Anchorage, Alaska

Not just the biggest city in Alaska and its main commerce hub – Anchorage is a friendly and convenient town, and it offers some hidden gems that are well worth your time.
Downtown Anchorage, Alaska


Anchorage (population 291K) is the biggest city in Alaska and its main commerce hub, but contrary to what many people think it is not the capital of Alaska (Juneau is). Dubbed by Alaskans as “the closest American city to Alaska”, Anchorage indeed leaves a pretty flat first impression. That said, the city certainly has its own character – occasional moose (or bear) wondering the streets, lively food and arts scene, and more than anything – a great proximity to unparalleled wilderness right out of town.

For most visitors, Anchorage is also the trip’s start and end point. This is the location of the state’s biggest airport, Ted Stevens International Airport. Adjacent is Lake Hood, the busiest floatplane home base in the world. With three more airports and airfields within city limits (civilian and military), the sky over Anchorage is often loaded with buzzing airplanes to the point that resembles a WWII scene.

As expected, Anchorage has all the services of a typical American city – Wallmarts and Costcos, restaurants, shopping malls and cinemas. Since most other towns in Alaska do not have this variety of services, it’s a good idea to stock up here for the rest of your trip. Food products, outdoor gear and gas are cheaper here than elsewhere in Alaska.

Random recommendations

Moose’s Tooth

The best pizza place in Alaska. Not only that – they also make their own beer. It’s located slightly off the tourist zone, in the corner of Old Seward Hwy and 33 Street, and at dinner time (06:00 p.m. onwards) you will probably have to wait in line for at least 30 minutes, and often more. However, it’s one of the best places in Anchorage for good inexpensive food. The service is super friendly and the pizza is absolutely worth the wait.

Tony Knowls Coastal Trail

A long trail enveloping the entire city along the beach. The locals use it for jogging, walking, bicycling in the summer and skiing in winter. If you’re looking for something nice to do for an hour or two, and especially if you want to stretch your legs after a long flight, this is a great place for it.

Glenn Alps

An alpine area overlooking the city. This is a wonderful vantage point into Chugach State Park, in the mountains over Anchorage. The best-known attraction here is the trail up Flattop Mountain, which offers a perfect viewpoint over Anchorage and the Cook Inlet. Although famous among Anchorage visitors, this trail should not be taken for granted: parts of it require quite a serious climb, and you’ll have to use your hands a bit towards the end. Getting to the peak takes at least an hour (allow for 30-45 more minutes for the descent). That said, you don’t have to go all the way up the mountain, and you can easily settle for the lookout near the parking lot. The views are great from here, too – on clear days you can easily see Denali and the Alaska Range about 150 miles to the north.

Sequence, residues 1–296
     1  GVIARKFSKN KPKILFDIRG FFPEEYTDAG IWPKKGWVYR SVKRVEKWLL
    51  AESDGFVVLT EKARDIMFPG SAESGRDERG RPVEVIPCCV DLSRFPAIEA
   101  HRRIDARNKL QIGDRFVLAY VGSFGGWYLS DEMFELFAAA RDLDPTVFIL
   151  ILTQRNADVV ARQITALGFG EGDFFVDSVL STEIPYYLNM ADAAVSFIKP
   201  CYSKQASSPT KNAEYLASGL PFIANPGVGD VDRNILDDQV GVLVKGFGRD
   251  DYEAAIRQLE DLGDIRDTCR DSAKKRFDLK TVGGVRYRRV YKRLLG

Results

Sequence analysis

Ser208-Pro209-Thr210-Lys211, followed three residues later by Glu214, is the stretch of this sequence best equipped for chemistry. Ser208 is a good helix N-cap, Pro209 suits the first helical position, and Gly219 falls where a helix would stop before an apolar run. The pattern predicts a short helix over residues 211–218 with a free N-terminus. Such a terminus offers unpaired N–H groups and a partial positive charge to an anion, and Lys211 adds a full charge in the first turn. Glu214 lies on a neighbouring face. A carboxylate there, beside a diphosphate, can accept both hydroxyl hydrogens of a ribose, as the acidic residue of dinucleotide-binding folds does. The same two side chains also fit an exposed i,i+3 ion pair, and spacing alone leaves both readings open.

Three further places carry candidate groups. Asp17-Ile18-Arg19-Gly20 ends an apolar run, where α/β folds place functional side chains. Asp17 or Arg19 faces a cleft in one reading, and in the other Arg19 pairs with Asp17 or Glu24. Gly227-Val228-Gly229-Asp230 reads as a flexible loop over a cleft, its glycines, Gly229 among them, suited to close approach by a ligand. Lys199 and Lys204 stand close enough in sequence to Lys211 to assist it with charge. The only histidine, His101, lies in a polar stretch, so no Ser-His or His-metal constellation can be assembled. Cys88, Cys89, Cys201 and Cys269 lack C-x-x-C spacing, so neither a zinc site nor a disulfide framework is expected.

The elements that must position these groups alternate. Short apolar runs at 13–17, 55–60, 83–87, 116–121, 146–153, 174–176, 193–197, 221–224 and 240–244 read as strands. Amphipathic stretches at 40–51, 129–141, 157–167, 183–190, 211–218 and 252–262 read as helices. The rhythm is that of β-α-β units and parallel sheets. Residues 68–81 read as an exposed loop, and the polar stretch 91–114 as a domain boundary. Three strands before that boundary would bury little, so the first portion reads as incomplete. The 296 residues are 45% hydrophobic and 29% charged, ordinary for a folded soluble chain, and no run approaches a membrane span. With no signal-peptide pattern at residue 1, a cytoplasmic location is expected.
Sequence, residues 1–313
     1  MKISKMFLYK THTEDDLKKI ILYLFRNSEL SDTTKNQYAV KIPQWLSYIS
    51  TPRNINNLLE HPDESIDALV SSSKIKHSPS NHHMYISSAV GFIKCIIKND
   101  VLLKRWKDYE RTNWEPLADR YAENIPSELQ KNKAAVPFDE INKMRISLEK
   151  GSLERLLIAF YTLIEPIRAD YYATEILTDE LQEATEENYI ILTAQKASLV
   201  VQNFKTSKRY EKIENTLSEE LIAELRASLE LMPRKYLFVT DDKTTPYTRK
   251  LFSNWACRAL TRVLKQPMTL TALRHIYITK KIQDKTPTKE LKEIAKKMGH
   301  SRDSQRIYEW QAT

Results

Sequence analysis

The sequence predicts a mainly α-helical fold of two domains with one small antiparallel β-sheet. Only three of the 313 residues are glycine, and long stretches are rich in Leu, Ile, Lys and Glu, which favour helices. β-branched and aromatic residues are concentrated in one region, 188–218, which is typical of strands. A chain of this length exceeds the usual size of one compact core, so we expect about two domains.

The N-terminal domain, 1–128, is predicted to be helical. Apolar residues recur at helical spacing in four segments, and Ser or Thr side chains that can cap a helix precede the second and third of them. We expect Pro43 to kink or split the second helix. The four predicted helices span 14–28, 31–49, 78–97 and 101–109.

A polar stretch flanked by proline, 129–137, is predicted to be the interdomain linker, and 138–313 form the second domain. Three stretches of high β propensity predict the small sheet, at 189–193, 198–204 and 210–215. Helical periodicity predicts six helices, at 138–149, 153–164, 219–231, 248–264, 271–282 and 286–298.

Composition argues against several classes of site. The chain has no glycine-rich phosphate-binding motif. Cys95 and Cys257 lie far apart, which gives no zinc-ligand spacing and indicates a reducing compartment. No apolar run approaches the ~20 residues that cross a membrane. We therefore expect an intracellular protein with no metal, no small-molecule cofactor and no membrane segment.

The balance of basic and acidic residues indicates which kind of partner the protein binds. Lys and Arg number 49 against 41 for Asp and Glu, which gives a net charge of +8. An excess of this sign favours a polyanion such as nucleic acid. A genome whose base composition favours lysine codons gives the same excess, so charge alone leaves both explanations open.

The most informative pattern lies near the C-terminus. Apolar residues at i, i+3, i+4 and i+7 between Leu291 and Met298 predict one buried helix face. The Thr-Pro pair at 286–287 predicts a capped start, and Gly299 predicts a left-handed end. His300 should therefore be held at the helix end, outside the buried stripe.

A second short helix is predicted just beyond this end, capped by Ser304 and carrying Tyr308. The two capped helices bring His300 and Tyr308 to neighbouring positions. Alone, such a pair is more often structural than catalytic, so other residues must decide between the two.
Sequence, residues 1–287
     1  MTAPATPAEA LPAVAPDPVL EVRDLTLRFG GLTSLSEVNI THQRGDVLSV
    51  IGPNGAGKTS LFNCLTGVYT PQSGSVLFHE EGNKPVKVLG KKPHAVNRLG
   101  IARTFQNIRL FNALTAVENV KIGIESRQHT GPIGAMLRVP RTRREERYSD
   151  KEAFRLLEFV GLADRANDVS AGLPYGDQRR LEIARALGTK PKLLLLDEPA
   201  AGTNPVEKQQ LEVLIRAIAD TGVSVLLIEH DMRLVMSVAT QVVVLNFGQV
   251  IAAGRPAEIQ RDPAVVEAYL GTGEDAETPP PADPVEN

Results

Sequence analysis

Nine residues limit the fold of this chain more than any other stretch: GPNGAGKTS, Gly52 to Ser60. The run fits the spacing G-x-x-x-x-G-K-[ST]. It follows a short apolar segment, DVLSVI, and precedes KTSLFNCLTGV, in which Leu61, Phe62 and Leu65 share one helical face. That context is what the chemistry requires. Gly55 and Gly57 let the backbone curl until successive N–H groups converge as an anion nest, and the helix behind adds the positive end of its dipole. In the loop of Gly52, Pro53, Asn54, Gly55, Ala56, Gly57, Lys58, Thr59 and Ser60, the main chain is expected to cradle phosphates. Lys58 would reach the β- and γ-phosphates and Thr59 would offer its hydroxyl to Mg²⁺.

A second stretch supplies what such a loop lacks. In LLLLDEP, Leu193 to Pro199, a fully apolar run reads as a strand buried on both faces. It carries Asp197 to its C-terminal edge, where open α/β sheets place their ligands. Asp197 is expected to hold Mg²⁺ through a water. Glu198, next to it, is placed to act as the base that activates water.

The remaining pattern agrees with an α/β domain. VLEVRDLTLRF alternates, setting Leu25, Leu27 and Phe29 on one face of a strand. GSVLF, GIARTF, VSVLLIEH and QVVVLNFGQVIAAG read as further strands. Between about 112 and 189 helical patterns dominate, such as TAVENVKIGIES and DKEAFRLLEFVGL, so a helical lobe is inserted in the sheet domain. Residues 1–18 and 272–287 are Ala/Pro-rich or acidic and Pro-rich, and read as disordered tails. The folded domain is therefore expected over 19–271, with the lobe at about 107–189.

Anchorage Museum of History & Arts

Located in the heart of downtown Anchorage is the excellent Anchorage Museum of History & Art. The museum is dedicated to the study of Alaska, and the main focus is on art, history, ethnography and ecology. The permanent collection includes the “Alaska Gallery” (historical displays ranging from early native migrations until the modern era), and the “Art of the North” collection (art from Alaska and the circumpolar north). Other sections of the museum display a variety of changing exhibitions, mostly centered around similar topics of art and history.

Alaska Native Heritage Center

A visit in the museum can (and should) be combined with a visit to the Alaska Native Heritage Center, focused on the preservation of Alaska’s indigenous cultures. The center is shared by 11 different cultural groups, from all over the state. It’s located about 10 miles out of town, and exhibits include traditional dance displays, indigenous art and recreated life-sized dwellings. The local guides are friendly and knowledgeable, and the visit is certainly worthwhile.

Side St. Espresso & Urban Greens

Last but not least, two of our favorite eateries lay close to each other on G St. in downtown Anchorage. Start your day at Side St. Espresso – a great little coffeeshop, where the owner George is locally known not just for his coffee but also for his excellent dry erase drawings. Almost next door is Urban Greens, one of the best sandwich places in town. Check them out!